As State Mandates A Return To School, Teachers Are Left Scrambling For Vaccine Appointments In A Stark Comparison To Connecticut’s Teacher Vaccine Distribution

KAILEIGH BROSNAN

As vaccine rollout continues, educators in Massachusetts have struggled to find vaccine appointments, raising questions about whether the state’s strategy is fair to teachers. In a School Committee meeting on March 9th, Committee Member Susan Bell publicly asked, “Why in a state like Connecticut can teachers get their vaccinations right on sight, and our teachers have to schedule time off of work to go get their vaccinations in Massachusetts.”  As the state’s Department of Elementary and Secondary Education (DESE) has mandated a return of five day in-school instruction next month, officials like Bell, who had served as a Superintendent of Windsor Locks Public Schools, are asking if teachers are being given enough priority. She says, “if it’s that important that teachers need to be here and our kids need to be here, then why can’t we make it available to them on site?” Superintendent Dr. Marty O’Shea agreed that “it’s very hard for an educator to take time out of their day to schedule [an appointment]” and that “it’s hard [for a teacher] to watch a screen refresh while you’re trying to teach students at home and in person.”  At a virtual town hall Thursday March 18th, State Senator Eric Lesser, who represents Longmeadow, endorsed the idea of on-site administration, “We need to do more to get vaccines to teachers.”

This is a distribution strategy that other states have successfully used. Many districts in Connecticut are setting up clinics to specifically target educators and deliver their vaccinations. Karen Grant is a teacher at Darcey School in Cheshire, CT. She is among 400 of the 800 administrators in their school district who received her first vaccine shot. The clinic was held on Tuesday, March 9th. “It was a remote learning day for the entire district, allowing the teachers to have class until their given appointment time,” she explains. “There were more than 30 volunteers helping to distribute the vaccines. All we had to do was fill out a survey stating that we wanted to receive the vaccine, and our names were put on a waiting list.” Ms. Grant is thrilled to be vaccinated after many months of waiting.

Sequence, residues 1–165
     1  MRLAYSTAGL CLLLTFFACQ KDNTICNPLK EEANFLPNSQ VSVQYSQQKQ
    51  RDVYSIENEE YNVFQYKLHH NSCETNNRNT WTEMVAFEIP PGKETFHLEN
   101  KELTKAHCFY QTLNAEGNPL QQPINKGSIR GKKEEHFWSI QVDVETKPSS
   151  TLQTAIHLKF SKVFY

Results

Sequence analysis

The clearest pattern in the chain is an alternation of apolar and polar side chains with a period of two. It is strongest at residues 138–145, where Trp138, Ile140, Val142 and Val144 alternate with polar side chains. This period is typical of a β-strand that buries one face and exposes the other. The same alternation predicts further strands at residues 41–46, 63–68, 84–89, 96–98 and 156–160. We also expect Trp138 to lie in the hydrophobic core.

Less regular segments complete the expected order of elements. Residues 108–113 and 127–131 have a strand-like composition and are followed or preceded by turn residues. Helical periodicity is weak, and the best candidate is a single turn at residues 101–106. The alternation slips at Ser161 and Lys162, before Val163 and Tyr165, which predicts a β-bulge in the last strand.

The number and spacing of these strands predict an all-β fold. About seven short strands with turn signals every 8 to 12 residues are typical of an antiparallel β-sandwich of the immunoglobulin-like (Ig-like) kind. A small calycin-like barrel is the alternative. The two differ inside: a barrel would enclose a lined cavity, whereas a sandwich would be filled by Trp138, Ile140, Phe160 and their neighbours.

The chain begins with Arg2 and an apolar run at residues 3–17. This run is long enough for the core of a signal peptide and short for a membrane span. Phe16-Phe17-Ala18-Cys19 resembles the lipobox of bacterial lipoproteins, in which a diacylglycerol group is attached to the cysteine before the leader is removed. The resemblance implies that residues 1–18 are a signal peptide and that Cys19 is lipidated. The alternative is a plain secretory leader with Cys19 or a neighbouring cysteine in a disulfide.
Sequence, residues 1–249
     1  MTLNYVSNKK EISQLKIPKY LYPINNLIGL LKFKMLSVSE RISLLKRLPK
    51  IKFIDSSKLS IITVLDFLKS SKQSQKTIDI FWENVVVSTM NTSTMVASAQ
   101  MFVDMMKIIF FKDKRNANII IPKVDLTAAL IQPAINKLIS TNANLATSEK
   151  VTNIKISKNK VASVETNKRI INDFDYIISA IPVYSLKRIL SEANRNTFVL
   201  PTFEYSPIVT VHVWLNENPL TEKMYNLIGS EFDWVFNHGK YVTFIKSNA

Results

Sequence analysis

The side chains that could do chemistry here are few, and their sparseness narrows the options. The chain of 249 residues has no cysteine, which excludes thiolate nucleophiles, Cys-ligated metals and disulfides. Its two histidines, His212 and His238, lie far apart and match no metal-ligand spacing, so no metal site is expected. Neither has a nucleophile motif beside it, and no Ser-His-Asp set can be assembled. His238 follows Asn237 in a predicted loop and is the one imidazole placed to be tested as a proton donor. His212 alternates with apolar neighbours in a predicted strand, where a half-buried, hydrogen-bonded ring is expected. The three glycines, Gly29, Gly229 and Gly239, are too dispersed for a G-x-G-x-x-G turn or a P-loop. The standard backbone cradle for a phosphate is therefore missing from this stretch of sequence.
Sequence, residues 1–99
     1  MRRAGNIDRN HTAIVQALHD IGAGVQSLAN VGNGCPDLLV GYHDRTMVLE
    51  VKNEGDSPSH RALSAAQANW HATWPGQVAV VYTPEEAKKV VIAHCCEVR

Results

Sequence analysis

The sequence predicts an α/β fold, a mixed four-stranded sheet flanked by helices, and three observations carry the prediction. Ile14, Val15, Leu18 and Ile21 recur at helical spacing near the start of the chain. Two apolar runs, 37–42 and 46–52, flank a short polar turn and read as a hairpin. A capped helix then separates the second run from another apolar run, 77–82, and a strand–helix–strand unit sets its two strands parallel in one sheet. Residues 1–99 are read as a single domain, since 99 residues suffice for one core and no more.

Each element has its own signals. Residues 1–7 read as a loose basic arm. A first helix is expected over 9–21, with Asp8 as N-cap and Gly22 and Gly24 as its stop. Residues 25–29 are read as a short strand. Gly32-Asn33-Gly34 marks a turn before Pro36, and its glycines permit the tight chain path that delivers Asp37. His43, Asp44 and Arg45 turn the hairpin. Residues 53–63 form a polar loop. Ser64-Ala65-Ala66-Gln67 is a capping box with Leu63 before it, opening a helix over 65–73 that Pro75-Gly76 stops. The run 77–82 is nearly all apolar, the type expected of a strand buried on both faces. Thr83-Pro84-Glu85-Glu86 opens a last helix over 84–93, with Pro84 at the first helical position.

“The governor’s contention that we can’t do on-site/work-site administration is certainly not true,” says Sen. Lesser. As an example, Sen. Lesser points out that police, firefighters, nursing home staff, seniors at public housing complexes, and hospital workers were all vaccinated largely by on-site clinics overseen by the state.

However, teachers’ luck could soon improve. On March 10th a pre-registration tool was introduced for vaccine appointments in Massachusetts. With this tool residents can sign up to receive a notification when they become eligible for the vaccine and when an appointment for them is available. For teachers to be vaccinated four dates were set aside: March 27, April 3, April 10 and April 11.

Vaccine distribution also happens on the federal level, with a separate vaccine supply given to pharmacies like CVS, who follow federal regulation. As the Biden administration has called for a return of Elementary and Middle school in-person instruction around the country, the Centers for Disease Control has made teachers eligible and prioritized for vaccination at pharmacies. “This is something I applaud [the administration] for doing,” says Sen. Lesser who is also an LHS graduate.Teachers are relieved to hear the process will be much more efficient following this announcement. Dr. Victoria Metz, a Biology teacher at LHS, shares her thoughts on the importance of the vaccination of teachers. She says, “In deciding who gets to be vaccinated first after front lines medical professionals and first responders, there are two legitimate, competing claims. The people who are most at risk of serious disease or death should be a priority. These are the people the Governor chose to put first in line.” She explains, “ However, I believe people who are required to work in person in crowded places, and whose jobs are central to the well being of the rest of the population, should also be top priority. There was room for the state to do this.” Although the death rate is much lower for people under 65, there are many other factors to consider. “Even a mild case of COVID-19 appears to have the ability in some people to produce long term and even possibly permanent damage.” Dr. Metz says, “there are new variants of the virus that spread more easily. We can no longer have complete confidence that the precautions we put into place in September will still protect us as well in the present and future as they did in the fall.”

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Nina Hutchins ‘23

Managing Editor

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